Villanova

Discussion in 'ROTC' started by Blacklab, Sep 16, 2011.

  1. Blacklab

    Blacklab Member

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    My sons first choice of colleges... Guidance, insight, feedback? We made the visit and were very impressed. The most important person that was impressed was our son, it's a perfect match.

    He is not a prep school kid, he would be coming from a public school. How is the NROTC unit there? We have heard some great things overall; however, more feedback is welcome.
     
  2. equestriangrl93

    equestriangrl93 Member

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    I have heard that Villanova has a very good NROTC program. I'm also interested in Villanova, so I'd love to hear some feedback too. Can someone compare and contrast the differences between UPenn/Drexel and Villanova NROTC units. I know they have totally different feels to them.
     
  3. Pima

    Pima Parent

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    There is a poster here who is now a freshman there. I believe he is in the midst of getting settled in, but from what I know he is loving it. His Dad is NovaNavyDad on this site, so you may want to pm him a message since he rarely posts. The son is NYEagle1.

    The one thing to realize about colleges are their locations. Drexel/UPenn are in the heart of Philly, so their campus vibe is much different than Nova.
     
  4. rkrosnar

    rkrosnar Member

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    Blacklab,

    Villaanova is a good school. We have a family friend who goes there and loves it. That being said if you really want a good Pennsylvania Navy ROTC school. Like at Penn State University Park.

    RGK
     
  5. Pima

    Pima Parent

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    I agree PSU is well respected by all of the ROTC branches. Again, if you are somebody that like city life, PSU is not going to be your cup of tea compared to Drexel/UPenn.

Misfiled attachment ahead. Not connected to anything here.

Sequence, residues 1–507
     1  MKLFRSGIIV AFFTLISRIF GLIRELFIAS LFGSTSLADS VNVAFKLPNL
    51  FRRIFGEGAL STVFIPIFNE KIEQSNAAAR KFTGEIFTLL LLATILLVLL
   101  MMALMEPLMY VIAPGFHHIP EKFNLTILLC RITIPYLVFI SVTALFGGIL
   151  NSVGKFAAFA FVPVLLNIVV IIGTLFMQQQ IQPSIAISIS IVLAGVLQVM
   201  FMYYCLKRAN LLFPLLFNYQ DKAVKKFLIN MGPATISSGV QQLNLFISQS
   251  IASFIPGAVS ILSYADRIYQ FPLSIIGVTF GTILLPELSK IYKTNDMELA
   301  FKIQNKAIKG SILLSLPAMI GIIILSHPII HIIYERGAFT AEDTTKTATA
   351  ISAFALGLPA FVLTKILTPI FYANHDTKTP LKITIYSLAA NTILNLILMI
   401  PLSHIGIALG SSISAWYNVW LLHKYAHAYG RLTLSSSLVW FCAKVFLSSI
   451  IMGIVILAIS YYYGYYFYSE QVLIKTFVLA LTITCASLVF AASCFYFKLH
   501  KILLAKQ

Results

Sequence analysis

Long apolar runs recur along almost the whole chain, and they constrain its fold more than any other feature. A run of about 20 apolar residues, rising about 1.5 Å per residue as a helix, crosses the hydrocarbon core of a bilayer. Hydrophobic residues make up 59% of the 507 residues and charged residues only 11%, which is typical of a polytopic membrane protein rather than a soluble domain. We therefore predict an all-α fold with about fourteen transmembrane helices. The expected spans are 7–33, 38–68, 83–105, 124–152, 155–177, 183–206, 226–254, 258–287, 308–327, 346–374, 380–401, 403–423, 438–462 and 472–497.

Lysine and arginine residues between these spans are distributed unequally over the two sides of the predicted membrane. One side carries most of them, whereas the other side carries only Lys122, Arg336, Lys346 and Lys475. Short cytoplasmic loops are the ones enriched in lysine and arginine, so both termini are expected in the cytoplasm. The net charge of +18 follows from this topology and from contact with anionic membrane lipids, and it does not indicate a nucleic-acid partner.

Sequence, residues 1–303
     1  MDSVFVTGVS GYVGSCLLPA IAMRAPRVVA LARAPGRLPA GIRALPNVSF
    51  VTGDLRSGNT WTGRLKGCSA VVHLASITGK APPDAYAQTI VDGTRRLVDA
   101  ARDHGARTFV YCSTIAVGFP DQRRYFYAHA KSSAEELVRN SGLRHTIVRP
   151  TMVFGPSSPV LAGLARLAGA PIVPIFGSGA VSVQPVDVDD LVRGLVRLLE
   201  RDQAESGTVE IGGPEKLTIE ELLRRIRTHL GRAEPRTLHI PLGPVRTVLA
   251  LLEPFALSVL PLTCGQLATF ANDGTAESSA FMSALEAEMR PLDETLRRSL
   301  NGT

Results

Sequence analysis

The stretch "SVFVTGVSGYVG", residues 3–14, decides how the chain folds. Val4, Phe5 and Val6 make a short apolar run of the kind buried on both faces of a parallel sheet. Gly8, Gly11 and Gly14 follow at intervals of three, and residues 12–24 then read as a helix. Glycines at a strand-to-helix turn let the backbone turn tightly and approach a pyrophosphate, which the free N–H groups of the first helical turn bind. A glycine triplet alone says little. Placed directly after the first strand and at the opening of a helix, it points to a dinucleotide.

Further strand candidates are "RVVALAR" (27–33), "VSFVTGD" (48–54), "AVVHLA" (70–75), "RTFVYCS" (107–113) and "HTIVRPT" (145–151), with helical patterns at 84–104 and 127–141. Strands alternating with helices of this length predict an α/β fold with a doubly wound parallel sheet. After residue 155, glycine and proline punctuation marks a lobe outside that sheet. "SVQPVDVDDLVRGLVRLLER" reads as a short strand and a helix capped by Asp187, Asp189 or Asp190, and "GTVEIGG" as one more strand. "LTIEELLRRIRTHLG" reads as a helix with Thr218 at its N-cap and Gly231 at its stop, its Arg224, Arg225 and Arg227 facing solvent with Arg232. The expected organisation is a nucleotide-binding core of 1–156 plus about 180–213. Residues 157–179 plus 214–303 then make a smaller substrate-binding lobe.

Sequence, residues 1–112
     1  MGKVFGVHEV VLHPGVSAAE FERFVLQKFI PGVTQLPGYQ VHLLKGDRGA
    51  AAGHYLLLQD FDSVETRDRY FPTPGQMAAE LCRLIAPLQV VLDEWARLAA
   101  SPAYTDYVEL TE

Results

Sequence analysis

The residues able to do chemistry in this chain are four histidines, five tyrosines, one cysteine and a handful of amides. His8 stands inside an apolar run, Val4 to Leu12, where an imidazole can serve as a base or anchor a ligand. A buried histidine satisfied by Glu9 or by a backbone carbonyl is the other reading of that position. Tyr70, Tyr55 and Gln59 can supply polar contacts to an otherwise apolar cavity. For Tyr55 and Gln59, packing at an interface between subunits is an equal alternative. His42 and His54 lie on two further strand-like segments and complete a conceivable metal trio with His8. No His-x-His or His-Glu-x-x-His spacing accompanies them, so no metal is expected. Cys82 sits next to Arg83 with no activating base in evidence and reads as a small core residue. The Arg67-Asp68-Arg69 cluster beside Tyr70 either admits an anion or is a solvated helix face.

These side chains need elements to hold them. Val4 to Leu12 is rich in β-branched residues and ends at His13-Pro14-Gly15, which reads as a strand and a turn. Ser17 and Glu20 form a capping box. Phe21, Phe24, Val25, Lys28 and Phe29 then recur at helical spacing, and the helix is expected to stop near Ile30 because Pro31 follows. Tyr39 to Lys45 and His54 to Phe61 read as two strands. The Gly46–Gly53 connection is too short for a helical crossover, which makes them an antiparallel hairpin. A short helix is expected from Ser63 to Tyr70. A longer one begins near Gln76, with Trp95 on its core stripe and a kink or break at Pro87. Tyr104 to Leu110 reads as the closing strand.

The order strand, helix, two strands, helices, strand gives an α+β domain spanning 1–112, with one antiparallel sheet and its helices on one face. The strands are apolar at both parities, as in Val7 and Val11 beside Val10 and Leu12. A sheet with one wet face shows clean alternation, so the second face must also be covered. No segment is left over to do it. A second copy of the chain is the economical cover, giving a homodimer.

This is why it is important to physically visit the schools, colleges are like people, they have their own personality.

    I have said this many times, our DS goes to a college that is in a college town, but 20 mins by car to a major metropolitan city. He loves it. DD would have rather not gone to any college if that was her only choice. She goes to VT (great ROTC school), but there is nothing there except the college. DS feels the same way about her school, as she did about his. Different strokes for different folks.

    Don't just look at the ROTC program, except for schools like TAMU, VT, VMI, Citadel, etc., the reality is your college experience will be a blend of ROTC AND school. You will have friends that are not ROTC, and friends that are in ROTC. Look at the program, but also the school, and their programs. You can love ROTC, but if you hate the school, it will show through your grades, and in the end that will hurt your AD career.

    AD career selection for ROTC is based on lots of things, but gpa is one of them. The lower your gpa, the higher you must do on something to offset it for your OML, and even than there is no guarantee you will be able to offset it enough for your 1st pick.

    Parents, my advice is to take them to the campus, let them meet the cadre. Even if this is not your interview school, they love to meet candidates...time to sell the school. Call them 1st, to say we are taking a tour on this date, would it be possible to pop by the unit and see it or talk to some cadets? Be prepared if they say yes, for you to excuse yourself shortly after entering. Meet them somewhere on campus later on.

    We did this for our DS. Not one said NO. Talking to actual cadets really was a decision making factor for DS. Kids talk differently with no adults around, and he was able to see if he jived with them personally. They talked openly about the program and what was hard, what was fun, etc., from a cadet's pov.
     
  6. Ohio2015Parent

    Ohio2015Parent Member

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    Just my 2 cents...if an overnight visit is offered(especially if the cadets live together) it is SO worth it. DS did 2 overnights, ended up with 2very different experiences, but loved them both. Hanging out with the cadets, without adults present, really gave him a better idea of what made this program tick and where he'd fit in.

    We visited 4 different schools for him, plus he'd been to a few others with his older sister. Each one chose a different school, just like Pima pointed out, each school and kiddo has a different personality.

    And it is a must to visit the cadre at each school while you are there - DS would have considered #2 choice more favorably if he'd felt the "vibe" with their PMS/ROO - it just wasn't there for him - great program, just not his #1. If we had'nt visited cadres he wouldn't have known until it was too late.